Rules For A Good Life With Dementia

seniors-sitting-in-parkPeople who work in dementia care often are asked a lot of different questions by family members and loved ones of those living with dementia. Considering that we are often on the ‘frontline’ when it comes to dementia care, the question that we are often asked is “Are you afraid of getting dementia yourself when you get older?”

The truth is that honestly, while dementia is a horrible set of diseases, there are still many beautiful things that people can experience when living with dementia. If I DO ever develop dementia myself, I have come up with a list of different rules that I would like to live by. I call these “my rules for a good life”:

  • If I do get dementia and I think that my loved one is still alive, if I believe that I am still close to taking that trip to Hawaii, if I believe that Christmas is right around the corner in June, just let me allow me to believe that; I will be happier for it.
  • Just because I have dementia does not mean I am a child, please treat me like the adult that I am.
  • Dementia does not mean that I should stop doing things that I love. Help me find a way to visit my friends, get some physical exercise, and help me get out and enjoy life.
  • If I get agitated during my time with dementia, please try to figure out why that might be. Do not just assume that I am agitated ‘for nothing’.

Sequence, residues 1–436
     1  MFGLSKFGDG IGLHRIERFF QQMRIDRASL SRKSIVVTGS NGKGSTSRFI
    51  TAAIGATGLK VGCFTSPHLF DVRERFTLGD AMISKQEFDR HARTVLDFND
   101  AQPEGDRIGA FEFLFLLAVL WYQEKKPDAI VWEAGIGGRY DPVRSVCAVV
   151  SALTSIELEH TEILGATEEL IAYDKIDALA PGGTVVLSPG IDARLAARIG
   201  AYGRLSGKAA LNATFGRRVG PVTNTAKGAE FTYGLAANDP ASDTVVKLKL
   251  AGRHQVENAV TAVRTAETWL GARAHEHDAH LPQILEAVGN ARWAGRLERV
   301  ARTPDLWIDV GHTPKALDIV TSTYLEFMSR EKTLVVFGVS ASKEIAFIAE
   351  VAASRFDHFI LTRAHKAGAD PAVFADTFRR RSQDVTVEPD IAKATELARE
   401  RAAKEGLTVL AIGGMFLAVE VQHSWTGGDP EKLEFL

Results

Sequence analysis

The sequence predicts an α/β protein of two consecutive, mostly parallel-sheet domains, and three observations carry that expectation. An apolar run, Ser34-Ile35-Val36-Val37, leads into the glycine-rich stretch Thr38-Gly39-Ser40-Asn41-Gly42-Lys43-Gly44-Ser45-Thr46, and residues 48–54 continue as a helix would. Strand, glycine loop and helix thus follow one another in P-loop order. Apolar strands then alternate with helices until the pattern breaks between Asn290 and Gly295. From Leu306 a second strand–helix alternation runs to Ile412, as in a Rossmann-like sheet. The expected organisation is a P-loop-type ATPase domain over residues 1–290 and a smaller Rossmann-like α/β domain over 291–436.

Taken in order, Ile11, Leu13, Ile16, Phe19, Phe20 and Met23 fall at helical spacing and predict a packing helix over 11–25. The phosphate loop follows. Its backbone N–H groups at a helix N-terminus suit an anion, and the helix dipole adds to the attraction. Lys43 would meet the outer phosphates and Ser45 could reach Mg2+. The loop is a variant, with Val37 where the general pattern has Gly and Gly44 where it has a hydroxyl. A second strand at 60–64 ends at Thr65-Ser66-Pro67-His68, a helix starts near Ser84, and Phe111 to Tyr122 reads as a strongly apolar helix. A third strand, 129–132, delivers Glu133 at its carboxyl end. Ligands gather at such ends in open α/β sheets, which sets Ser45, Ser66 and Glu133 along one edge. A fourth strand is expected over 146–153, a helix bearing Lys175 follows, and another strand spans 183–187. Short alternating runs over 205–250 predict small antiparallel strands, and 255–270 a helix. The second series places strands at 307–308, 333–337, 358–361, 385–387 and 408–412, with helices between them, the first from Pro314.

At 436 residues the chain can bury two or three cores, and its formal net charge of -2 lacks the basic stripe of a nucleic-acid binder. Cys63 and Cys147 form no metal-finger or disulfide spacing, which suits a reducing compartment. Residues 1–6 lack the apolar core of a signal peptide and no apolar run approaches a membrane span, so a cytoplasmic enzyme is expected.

• Please treat me the way that you would want to be treated, you would not want to be coddled either.
  • Please do not feel guilty about not being able to take care of me 24/7. I understand that there are other things that you need to do – even if I do not show it right away. Help me find a great new place to live or help me find someone who can take care of me if you are unable to.
  • If I have dementia, I would really appreciate it if you could have my favorite music playing in the background.
  • Just because I have dementia and might be a bit more difficult to deal with, please do not exclude me from family gatherings or parties. I really still enjoy being a part of everything.
  • If I do have dementia, please do not forget that I am still the same person underneath. I might act different, I might not realize who you are all the time, but I am still the same person that you love and care about right now.

If you know someone living with dementia, it is important to find the right place to live – a place where dementia is not perceived as a problem or difficulty. Look at the different options found at www.carltonseniorliving.com to see what might be available.

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